into the fire

Mount-Charleston-Carpenter-1-Fire-Photo

Last night, I put the kitten to bed and headed over the pass to photograph the wildfire burning in what seems like our backyard. I told my sister about my plan and she laughed, “Of course, there’s a wildfire and you’re all like, ‘I’m gonna grab my camera real quick and just chase after it.’ ” Well, yeah, that’s kinda my thing 😉

I planned ahead for the things that seemed silly but somehow necessary – what I would do if they happened to close the pass behind me – how I would get home – did I have enough water for the night? What I didn’t plan for is how I would feel when I crested that last ridge and actually saw the flames in the hills. I’m a Texas girl that has fallen in love with the desert, and I’ve never seen a wildfire in real life. And I’ve certainly never watched one burning up an area that I love. It’s all a little too close to home.

I pulled off the main highway onto a dirt road that was closed to through traffic. I spoke to the officer stationed there and he recounted how the whole side of the mountain had been engulfed in flames a few days before. I was shocked that I was staring at the tail end of this edge of the fire. It still seemed too wild and too real.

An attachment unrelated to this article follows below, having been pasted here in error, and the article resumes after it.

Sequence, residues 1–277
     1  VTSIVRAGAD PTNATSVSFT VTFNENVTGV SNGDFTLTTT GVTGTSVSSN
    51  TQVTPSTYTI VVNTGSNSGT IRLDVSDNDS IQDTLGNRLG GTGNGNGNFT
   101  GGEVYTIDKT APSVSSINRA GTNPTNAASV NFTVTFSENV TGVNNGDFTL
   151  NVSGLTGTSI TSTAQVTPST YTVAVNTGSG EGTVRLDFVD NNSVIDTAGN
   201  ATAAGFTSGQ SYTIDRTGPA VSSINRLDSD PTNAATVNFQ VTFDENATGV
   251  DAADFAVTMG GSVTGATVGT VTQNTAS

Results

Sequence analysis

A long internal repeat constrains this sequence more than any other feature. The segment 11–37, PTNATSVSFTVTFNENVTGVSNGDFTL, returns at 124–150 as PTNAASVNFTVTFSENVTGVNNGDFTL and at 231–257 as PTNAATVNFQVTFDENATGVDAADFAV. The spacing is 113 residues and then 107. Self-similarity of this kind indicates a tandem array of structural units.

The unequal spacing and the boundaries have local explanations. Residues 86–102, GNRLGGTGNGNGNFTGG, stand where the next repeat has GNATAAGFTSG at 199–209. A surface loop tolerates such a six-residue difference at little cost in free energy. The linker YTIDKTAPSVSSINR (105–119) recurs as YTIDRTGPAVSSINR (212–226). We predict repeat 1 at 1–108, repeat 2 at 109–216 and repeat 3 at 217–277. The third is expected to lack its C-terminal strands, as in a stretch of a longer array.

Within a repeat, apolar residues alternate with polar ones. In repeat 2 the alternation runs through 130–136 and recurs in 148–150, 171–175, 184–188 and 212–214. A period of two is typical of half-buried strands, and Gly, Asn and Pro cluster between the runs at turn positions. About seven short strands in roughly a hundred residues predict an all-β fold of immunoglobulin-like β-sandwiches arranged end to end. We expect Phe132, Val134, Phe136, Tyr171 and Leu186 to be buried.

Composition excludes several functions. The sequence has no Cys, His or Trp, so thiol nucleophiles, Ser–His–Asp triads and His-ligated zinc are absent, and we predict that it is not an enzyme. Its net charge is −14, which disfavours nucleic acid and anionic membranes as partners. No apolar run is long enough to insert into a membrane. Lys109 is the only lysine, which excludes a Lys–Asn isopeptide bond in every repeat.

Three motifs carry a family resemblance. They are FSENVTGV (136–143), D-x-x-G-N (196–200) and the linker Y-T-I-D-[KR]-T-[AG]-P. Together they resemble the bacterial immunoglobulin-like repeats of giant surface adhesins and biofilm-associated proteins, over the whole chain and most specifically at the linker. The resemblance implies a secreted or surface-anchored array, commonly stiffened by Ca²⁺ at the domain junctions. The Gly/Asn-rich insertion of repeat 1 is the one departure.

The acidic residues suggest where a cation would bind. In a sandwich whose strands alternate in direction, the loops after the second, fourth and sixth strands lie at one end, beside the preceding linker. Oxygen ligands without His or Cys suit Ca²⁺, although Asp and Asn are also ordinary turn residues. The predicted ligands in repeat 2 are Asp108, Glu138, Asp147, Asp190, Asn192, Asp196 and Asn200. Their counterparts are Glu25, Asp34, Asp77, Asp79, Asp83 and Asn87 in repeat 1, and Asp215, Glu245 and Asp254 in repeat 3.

I wandered down the road for a better perspective and sat in the dirt, remote shutter in hand, snapping off several long exposure shots. This force of nature was big. It was a reminder of how small we are, and how powerless we can be against nature. And yet, it was magnetic. I could have stayed there for hours. Yet I knew the little one had his internal alarm clock set for 3am and that he’d be expecting me. So I packed up and loaded back into my car with less than a dozen frames on my card, more than grateful for the brush with nature in a way that I’ve never experienced, and strangely yearning for another chance to experience it all over again.